Four months in a class-room. Four long, studious months. I've never studied for four months without a holiday somewhere in between. In fact, thinking about it, I've never really studied properly for four months ever. I actually wanted to be there. Wanted to study. Wanted to pass the exams. Wanted to finally get out on the ambulance and start treating patients. Wanted to take my 1% inspiration, put in the effort that's 99% perspiration, to become 100% ambulance-man.
The day arrives. I need to be up early, to be out the house by 6 in the morning. There's no chance of me over-sleeping. I can't sleep at all. I can't remember the last time I was this nervous. Actually, thinking about it, I think scared is nearer the mark. This is the day where I finally get to put everything into action. No more rubber dummies, no more resusci-annie dolls. This is the real thing. First day on an ambulance. For real. Blue lights and sirens. Live patients. Patients' lives.
I arrive, along with Sophie, my partner-in-crime for the next few weeks, at a station where I have never been. I meet people I have never seen, including Pete, who's going to be baby-sitting us during our first foray into the world of emergency medicine. Pete takes us round the station, shows us the important bits like toilets and drink machines, coffee and tea, the office, and eventually, the ambulance.
We talk about our training, how it's just like driving lessons. The real learning starts after you've passed. We talk about what we did before, what we want to be doing in future, why we chose the ambulance service. Then we talk reality. We discuss how things are changing, people are changing, expectations are changing. We hear how the the ambulance service doesn't only go out to people who are severely injured or seriously ill, but also to very minor ailments, lonely people, selfish people. And lots and lots of drunk people. At the sound of that, I almost walk out on the spot. I'd done my homework, I knew it wasn't all blood and guts and all things nasty, but I hate the thought of having to deal with drunks. I guess I'd have to learn to live with it.
We go through the ambulance, making sure all the kit's there, that everything works, the lights flash, the sirens wail. Eventually we tell control that we're ready to go. There are a number of crews on station, but as we're trainees, we get to take the first call that comes in. Apparently, it's unusually quiet, and the phone is silent for some time. My nerves are frayed, and I sit waiting for the call to come in.
The talk turns back to previous lives and jobs, and I tell Pete and Sophie (although she's probably heard it all before) that as a stop-gap before I started my training, I worked as a security guard. I hate the word hate, but I hated it. I stood for hours on end, mainly at schools, hoping that nothing happened. Which thankfully it didn't. I still hated it. I hated the boss too. He'd regularly "forget" to pay the staff or claim there was some bank problem for over a week or two every month, and then tried to underpay as well. I couldn't wait to get out of there. The job filled a purpose, and it was a means to an end, so I survived it. I didn't get a good-luck card on my last day, I didn't leave a thank you card when I left, and I didn't tell anyone where I was going.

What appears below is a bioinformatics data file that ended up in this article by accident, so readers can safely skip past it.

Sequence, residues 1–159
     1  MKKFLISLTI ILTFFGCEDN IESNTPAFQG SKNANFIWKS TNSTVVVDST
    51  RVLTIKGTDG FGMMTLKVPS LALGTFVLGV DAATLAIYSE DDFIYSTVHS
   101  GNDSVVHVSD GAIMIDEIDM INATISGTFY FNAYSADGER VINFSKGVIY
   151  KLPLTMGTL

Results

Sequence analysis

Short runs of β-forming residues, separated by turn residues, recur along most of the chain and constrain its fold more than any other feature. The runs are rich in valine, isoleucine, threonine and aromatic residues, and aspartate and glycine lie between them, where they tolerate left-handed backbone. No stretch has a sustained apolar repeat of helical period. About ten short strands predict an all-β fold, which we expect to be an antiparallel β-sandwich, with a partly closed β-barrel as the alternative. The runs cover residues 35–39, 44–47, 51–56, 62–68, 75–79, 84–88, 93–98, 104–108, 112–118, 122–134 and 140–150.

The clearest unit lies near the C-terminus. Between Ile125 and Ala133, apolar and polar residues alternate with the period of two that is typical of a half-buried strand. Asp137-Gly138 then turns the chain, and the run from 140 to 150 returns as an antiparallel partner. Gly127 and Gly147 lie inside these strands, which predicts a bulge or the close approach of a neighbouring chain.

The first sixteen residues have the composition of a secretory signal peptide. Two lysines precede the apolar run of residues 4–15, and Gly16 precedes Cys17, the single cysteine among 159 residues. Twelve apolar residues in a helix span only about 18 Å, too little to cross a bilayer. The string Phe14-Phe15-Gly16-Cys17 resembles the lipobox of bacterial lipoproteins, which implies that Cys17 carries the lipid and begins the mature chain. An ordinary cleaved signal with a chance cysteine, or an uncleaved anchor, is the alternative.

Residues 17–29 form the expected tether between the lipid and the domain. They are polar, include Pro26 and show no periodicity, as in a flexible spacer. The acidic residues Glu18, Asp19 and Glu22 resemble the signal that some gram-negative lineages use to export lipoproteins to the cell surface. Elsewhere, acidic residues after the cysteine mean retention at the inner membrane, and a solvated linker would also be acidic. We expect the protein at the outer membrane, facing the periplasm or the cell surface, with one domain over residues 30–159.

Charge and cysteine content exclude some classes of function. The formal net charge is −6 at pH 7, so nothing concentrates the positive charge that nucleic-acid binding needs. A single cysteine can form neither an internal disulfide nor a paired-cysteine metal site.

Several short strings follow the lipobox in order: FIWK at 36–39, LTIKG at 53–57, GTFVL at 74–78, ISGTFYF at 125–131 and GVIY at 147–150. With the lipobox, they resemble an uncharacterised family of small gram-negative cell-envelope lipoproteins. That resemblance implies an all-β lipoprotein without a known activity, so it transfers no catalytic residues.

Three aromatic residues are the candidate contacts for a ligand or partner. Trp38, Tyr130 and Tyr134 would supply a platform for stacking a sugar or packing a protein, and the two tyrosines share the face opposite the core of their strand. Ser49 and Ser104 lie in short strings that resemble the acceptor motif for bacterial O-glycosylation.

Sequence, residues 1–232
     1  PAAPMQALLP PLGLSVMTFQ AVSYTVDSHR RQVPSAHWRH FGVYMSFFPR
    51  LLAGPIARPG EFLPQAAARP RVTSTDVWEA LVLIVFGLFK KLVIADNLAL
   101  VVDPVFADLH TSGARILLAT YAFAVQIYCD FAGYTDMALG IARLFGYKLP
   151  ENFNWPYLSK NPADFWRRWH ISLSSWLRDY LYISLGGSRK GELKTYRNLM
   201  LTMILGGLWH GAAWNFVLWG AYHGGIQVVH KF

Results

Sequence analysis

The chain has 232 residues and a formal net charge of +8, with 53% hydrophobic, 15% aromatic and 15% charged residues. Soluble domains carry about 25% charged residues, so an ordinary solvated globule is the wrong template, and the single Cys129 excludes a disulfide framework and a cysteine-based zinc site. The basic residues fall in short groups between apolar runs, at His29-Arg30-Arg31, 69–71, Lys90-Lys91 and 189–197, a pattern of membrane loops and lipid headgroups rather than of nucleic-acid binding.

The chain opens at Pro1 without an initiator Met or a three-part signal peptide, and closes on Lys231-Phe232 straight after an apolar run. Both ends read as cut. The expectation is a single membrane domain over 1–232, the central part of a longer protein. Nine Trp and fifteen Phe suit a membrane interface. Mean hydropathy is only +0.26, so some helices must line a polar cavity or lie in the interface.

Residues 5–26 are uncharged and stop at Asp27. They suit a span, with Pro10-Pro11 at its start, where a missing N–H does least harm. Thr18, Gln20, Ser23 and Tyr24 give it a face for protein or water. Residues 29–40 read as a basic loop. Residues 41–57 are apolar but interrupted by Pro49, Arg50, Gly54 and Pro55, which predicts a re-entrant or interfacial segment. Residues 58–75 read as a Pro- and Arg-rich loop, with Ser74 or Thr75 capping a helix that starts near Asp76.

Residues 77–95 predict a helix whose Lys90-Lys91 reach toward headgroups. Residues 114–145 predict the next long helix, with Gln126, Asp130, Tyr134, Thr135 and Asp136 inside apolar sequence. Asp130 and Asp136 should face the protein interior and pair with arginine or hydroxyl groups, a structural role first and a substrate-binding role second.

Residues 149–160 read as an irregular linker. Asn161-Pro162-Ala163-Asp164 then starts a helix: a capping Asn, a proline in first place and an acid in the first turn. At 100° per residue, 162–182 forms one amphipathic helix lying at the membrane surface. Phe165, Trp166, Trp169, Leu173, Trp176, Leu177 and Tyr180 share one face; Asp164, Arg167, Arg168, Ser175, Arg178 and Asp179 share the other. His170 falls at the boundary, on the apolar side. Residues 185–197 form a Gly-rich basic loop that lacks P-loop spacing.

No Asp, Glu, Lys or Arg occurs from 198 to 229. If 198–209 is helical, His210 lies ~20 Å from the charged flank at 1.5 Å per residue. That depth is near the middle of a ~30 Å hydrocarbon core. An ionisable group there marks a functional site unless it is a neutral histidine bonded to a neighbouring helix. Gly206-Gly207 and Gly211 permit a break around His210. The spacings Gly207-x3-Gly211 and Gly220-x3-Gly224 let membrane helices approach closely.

Finally, in a heart-stopping moment, the printer whirrs and the phone rings. The first call has come in. I look at the piece of paper with fear and trepidation to see that it's a car crash, or RTC. Two patients, middle-aged female and 20-something male. As if to haunt me, my inspiration for joining in the first place, my recurrent nightmare, has returned as my first ever call. This was something Sophie didn't know about me, and I wasn't about to reveal it either. I tell them that I know loads of 20-something year old males around the area where the RTC is, and we leave it at that. Pete's decided that as it's the first day, he'll do all the blue-light driving to the calls, and one of us can drive to hospital if necessary.
We arrive at the scene to find that there's already one ambulance there, and no patients actually at the roadside, so presume that both the patients must be in there. We knock on the door and open the back of the ambulance to find the crew dealing with the middle-aged lady. The 20-something male is sitting with his back to the door, so we can't quite see his face, but he's clearly not too badly injured.
Pete takes a handover from the first crew about what's happened, and it's agreed that we'll deal with Craig, the 20-something male. My ears prick up at the sound of the name, and eventually he turns round. I'm not sure who's more shocked. Craig, as he finds that he has to look me square in the eye, and realises that I'm there to treat him, or me at the fact that Craig's now a patient and I have to be courteous and professional.
I'm starting to realise more and more how much the world goes round in circles. How every action has an equal and opposite reaction. And how revenge is sometimes a dish best served cold. Or not served at all. Just threatened.
Craig was my boss in my previous job.
Now, he needed my help, and was ashamed to have to ask for it. That in itself was enough for me. He received a very quick lesson in karma, and I received a very quick lesson in how to immobilise a live patient after an accident. It wasn't a life-threatening call. It wasn't blood and guts. It wasn't all the excitement that this job could be. But it was my first job.
I was told that you never forget your first job. I never expected it to be so true, on so many levels.